The desired forms are cut out of these materials and applied with spray paint or roll-on paint on the walls and other surfaces. The use of stencils makes replication of images easy, and this also contributes to the popularity of this style, which has in recent years grow into a worldwide subculture. Featured image: Kurar — Stencil in Clermont, France, Cartoon characters, superheroes from comics or surreal motifs define the style widely known as cartoon. The style combines figures and motifs either taken from popular culture or creatives invent their own cartoon figures.
Creating a surreal world of cartoon characters is the mission of Cof, an urban artist from Argentina, who we picked to illustrate this style. His inspiration came from the s Argentinian publication Fierro. Cof was inspired by the marvelous illustrations and stories in this periodical, which prompted him to create his own cartoon worlds on the walls of Buenos Aires. Image via buenostairesstreetart. As the name suggests, 3D graffiti create illusion of the third dimension in represented images.
It is one of the main reasons why initial graffiti writings were heavily influenced by the New York graffiti scene. As the paintings on the west side of the Wall flourished, the east side was left with the blank, sterile wall surface, where free artistic expression on the one side became a marker of social and cultural differences of separate societies.
All this changed after the fall of Berlin Wall in , when the city as a whole became playground for artists of both sides and street art scene thrived in the atmosphere of newly found freedom. The street art movement continued to develop after the Wall collapsed, with artists marching into Eastern neighborhoods like Mitte, Friedrichshain, Prenzlauer Berg and turning the gray areas of the city into vibrant art districts. Parallel to the spontaneous forms of artistic expression, which started developing in the city, one of the most significant mural projects was initiated on the remains of the Wall construction.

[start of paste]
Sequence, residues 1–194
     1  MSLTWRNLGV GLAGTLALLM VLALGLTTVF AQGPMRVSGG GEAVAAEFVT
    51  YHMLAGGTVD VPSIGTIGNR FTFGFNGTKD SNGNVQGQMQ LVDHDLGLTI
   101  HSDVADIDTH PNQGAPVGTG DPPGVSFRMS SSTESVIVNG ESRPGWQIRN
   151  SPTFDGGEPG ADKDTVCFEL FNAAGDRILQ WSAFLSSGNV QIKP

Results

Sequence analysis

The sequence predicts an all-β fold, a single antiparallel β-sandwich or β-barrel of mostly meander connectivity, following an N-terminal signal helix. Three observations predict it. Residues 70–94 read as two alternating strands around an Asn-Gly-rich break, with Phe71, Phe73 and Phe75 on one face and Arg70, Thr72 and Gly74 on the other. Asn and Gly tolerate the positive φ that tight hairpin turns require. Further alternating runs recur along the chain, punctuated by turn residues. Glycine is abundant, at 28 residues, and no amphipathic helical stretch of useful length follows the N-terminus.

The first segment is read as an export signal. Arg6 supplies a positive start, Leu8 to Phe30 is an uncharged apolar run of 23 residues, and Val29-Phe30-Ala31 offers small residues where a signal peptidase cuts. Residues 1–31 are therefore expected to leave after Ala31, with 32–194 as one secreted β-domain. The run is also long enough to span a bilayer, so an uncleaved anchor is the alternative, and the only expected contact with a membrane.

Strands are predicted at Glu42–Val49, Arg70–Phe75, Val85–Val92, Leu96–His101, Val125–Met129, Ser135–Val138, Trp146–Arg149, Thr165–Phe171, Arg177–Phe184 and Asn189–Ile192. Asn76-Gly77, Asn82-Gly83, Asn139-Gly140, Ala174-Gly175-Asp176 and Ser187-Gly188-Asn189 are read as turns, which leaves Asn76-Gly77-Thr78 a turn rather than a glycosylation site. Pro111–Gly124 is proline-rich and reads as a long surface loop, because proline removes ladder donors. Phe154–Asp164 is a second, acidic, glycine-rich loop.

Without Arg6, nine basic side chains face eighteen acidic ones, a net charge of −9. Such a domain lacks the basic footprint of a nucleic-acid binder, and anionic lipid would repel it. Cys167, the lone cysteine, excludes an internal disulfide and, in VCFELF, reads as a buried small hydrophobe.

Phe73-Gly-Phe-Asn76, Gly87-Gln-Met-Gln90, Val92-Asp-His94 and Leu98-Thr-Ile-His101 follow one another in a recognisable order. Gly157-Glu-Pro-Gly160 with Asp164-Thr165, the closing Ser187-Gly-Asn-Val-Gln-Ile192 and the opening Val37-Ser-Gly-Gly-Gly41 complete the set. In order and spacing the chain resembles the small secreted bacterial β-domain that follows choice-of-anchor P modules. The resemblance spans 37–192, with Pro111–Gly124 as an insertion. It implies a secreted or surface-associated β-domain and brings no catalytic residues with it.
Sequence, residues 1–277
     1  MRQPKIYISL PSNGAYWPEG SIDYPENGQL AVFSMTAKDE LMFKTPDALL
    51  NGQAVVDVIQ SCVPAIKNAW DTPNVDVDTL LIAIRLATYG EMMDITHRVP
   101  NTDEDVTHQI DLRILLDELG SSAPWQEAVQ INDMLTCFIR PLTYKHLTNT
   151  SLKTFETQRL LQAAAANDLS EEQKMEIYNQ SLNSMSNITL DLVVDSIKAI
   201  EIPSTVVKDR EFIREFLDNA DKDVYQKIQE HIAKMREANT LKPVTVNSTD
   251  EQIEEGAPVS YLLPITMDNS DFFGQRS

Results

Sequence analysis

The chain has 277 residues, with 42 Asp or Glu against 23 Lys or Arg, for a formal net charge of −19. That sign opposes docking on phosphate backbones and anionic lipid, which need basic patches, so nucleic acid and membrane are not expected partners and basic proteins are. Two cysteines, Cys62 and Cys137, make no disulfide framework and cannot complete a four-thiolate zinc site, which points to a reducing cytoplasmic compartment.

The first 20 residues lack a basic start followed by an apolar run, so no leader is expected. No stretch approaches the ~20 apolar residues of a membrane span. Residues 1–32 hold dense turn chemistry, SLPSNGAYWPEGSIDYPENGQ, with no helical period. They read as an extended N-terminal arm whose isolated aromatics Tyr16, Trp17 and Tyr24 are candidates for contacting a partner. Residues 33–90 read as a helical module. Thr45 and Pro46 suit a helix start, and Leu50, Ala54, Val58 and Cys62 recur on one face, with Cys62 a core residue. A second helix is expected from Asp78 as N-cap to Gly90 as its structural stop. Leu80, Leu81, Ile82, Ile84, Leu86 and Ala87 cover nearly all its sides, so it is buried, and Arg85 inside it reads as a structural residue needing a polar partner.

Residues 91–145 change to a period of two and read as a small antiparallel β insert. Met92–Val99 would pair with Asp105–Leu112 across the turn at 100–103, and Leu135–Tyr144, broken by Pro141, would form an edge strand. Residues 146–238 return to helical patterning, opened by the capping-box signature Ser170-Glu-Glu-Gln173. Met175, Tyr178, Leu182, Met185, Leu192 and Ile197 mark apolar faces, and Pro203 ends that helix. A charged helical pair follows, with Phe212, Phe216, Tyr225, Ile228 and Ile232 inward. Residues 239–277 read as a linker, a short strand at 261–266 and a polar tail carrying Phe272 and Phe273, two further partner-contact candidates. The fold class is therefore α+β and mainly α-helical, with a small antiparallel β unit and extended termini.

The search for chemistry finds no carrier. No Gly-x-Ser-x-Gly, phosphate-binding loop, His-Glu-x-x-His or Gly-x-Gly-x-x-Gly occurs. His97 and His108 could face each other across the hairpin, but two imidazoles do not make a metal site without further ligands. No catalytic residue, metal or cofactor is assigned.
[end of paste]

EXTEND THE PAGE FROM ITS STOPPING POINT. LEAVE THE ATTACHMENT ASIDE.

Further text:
The remains of the Wall, with over one hundred murals became known as the East Side Gallery , one of the largest open-air galleries in the world and the biggest memorial to the world piece. Not to mention one of the most important tourist attractions in Berlin.
The rich and versatile street art scene in Berlin is a result of various paradoxes that followed the evolution of the movement. Graffiti and street art had an essential role in shaping the identity of the city and when UNESCO proclaimed Berlin the City of Design in , there were no doubts that vibrant street art scene partially influenced the decision.
This all lead to the paradoxical situation in which street art and graffiti thrived, using the gray legal area as their foundation. While in the eighties graffiti and wall painting developed in reaction to the sociopolitical atmosphere of the divided city, the years after the fall of the Wall were followed by the new direction. For street artists and graffiti writers, new mission was to reclaim the public spaces and the result was a plethora of versatile street art expressions.
From numerous graffiti crews to prolific local artists working in various techniques from stencils to paste-ups, protagonists of street art scene in Berlin participated in the making of a truly diversified and exciting movement. Until the s, which triggered a street art craze on a global level, much of the work on Berlin streets was developing on a small-scale through spontaneous interventions.
Besides proliferation of graffiti tagging, street art evolved through its own dynamics giving birth to a generation of prolific artists like Alias , XOOOOX , Mein Lieber Prost and El Bocho , who developed a unique set of recognizable characters, communicating with local audiences by remaining constantly in the public eye. After the s, the city saw an increasing number of large-scale mural projects, embracing what became the most sought after trend in street and urban art.
With the abundance of graffiti writings, versatile street art expressions and monumental mural works made by many celebrated local and international artists, Berlin truly is a unique city that leaves no street art enthusiast indifferent. Thierry Noir painting on the Berlin Wall. Image via The Guardian. Berlin Wall graffiti on the west side.